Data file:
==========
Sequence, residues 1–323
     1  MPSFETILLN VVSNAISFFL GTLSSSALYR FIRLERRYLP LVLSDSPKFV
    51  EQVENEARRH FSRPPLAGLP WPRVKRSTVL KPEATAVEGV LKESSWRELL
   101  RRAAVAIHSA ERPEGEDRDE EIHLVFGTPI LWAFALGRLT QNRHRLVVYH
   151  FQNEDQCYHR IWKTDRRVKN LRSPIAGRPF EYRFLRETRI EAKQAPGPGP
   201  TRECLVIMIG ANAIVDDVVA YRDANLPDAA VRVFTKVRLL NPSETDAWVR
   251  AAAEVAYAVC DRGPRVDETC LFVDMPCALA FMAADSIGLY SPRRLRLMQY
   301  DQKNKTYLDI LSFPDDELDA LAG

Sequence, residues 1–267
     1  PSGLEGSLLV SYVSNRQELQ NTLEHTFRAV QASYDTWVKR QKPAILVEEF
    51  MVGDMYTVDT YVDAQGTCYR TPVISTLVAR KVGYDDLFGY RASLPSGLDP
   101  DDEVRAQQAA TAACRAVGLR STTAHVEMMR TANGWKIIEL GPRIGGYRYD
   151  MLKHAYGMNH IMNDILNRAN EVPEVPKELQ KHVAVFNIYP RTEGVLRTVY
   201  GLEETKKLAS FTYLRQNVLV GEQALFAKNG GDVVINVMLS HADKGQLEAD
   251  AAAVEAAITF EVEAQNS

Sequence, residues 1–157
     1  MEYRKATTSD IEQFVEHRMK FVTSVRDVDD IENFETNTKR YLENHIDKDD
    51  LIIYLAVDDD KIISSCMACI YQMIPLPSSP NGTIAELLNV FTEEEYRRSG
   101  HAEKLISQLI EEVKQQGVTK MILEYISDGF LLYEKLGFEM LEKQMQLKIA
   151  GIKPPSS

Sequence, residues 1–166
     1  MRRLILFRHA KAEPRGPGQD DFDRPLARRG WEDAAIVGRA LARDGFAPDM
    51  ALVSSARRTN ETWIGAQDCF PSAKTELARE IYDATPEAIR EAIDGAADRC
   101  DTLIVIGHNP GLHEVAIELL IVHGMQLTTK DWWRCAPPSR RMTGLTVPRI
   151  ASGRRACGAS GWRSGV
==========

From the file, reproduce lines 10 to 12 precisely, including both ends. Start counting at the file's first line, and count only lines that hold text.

     1  PSGLEGSLLV SYVSNRQELQ NTLEHTFRAV QASYDTWVKR QKPAILVEEF
    51  MVGDMYTVDT YVDAQGTCYR TPVISTLVAR KVGYDDLFGY RASLPSGLDP
   101  DDEVRAQQAA TAACRAVGLR STTAHVEMMR TANGWKIIEL GPRIGGYRYD